AUSTIN, Texas (AP) — State health officials have lowered their surging total COVID-19 death count slightly, saying an automation error in a switch in its counting method erroneously added about 225 fatalities to the total.
The Department of State Health Services reported 8,800 new confirmed coronavirus cases Thursday and 322 new deaths blamed directly on COVID-19, the illness caused by the new coronavirus. The total caseload since the outbreak started in March was just over 412,000, while the revised total death toll was held to 6,274.
The true number of cases in Texas is likely higher because many people have not been tested, and studies suggest people can be infected and not feel sick.
The number of patients hospitalized with COVID-19 continues to fall, declining by 299 cases to 9,296 patients hospitalized.
The state’s rolling rate of positive tests continued a slow decline as it fell to 12.09%, its lowest mark in more than a month.
State health officials changed how they compiled fatality data this week by using the cause of death listed on death certificates, instead of waiting for local and regional public health authorities to report them. Death certificates are required by law to be filed within 10 days. Consequently, the death toll for recent days is expected to grow as more death certificates are filed for those dates.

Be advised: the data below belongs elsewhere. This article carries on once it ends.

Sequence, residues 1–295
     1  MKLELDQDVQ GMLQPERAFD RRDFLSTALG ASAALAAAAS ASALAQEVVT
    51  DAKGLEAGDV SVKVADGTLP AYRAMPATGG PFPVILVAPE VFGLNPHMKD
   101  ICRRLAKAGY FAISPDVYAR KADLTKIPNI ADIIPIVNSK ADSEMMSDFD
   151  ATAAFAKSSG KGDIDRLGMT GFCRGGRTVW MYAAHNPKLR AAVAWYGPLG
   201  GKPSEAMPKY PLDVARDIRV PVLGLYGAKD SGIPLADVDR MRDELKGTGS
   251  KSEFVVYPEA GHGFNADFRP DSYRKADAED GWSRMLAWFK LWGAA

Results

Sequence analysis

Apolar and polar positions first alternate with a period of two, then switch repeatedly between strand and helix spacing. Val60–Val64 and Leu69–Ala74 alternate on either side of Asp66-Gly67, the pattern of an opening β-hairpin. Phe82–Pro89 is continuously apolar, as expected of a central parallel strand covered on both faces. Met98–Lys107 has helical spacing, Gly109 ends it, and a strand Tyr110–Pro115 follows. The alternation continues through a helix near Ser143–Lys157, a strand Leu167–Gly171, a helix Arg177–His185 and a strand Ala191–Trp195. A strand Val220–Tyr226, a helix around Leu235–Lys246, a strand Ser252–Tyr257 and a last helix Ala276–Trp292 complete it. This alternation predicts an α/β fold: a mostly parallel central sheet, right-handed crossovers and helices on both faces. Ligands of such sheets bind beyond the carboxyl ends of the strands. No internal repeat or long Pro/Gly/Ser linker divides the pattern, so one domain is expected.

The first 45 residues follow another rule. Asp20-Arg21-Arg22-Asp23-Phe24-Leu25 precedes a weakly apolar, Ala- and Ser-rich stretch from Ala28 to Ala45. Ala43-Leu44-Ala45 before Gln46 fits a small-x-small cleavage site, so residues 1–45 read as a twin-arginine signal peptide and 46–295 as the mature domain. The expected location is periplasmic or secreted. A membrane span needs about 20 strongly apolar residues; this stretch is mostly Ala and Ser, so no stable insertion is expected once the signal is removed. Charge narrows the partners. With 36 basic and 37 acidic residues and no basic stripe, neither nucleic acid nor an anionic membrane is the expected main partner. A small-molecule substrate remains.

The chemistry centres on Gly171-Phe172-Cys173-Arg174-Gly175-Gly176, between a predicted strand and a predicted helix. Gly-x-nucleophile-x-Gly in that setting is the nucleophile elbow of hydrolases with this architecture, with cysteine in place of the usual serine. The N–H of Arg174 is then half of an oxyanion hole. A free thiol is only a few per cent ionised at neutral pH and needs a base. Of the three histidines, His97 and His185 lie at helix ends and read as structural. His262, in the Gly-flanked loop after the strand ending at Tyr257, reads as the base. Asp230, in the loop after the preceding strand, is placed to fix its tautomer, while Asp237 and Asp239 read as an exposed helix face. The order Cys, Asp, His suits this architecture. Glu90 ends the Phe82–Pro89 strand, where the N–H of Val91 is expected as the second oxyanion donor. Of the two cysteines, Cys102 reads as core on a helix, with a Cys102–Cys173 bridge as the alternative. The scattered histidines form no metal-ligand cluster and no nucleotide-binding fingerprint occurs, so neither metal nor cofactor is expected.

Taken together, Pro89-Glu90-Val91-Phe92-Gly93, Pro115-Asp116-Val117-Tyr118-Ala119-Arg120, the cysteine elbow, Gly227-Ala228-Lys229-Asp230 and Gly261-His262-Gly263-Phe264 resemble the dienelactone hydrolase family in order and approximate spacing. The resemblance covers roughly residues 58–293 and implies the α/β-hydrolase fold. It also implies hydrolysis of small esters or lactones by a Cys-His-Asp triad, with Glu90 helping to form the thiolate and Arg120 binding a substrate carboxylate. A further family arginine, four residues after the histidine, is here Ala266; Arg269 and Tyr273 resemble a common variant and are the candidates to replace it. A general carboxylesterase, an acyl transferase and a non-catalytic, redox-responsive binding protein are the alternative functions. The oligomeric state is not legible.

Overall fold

Only deaths directly attributed to the COVID-19 virus are counted. This method does not include deaths of people who had COVID-19 but died of an unrelated cause, health officials said.
Also, only those with infections of the new coronavirus confirmed by testing are counted; no probable cases are included.
For most people, the coronavirus causes mild or moderate symptoms, such as fever and cough that clear up in two to three weeks. For some, especially older adults and people with existing health problems, it can cause more severe illness, including pneumonia, and death. The vast majority of people recover.
But the surge in COVID-19 deaths still has been marked. During a news conference Thursday in Houston, Mayor Sylvester Turner said that of the 432 COVID-19 deaths in the city, 200 of those have been reported in July.
The city’s Hispanic community has been disproportionately impacted during the pandemic, accounting for approximately 40% of cases and 45% of deaths, Turner said.
“The COVID-19 virus is still hitting Houston hard. Our numbers are still too high and while (hospitalizations) are going down, we’re still in the worst part of the epidemic,” Turner said.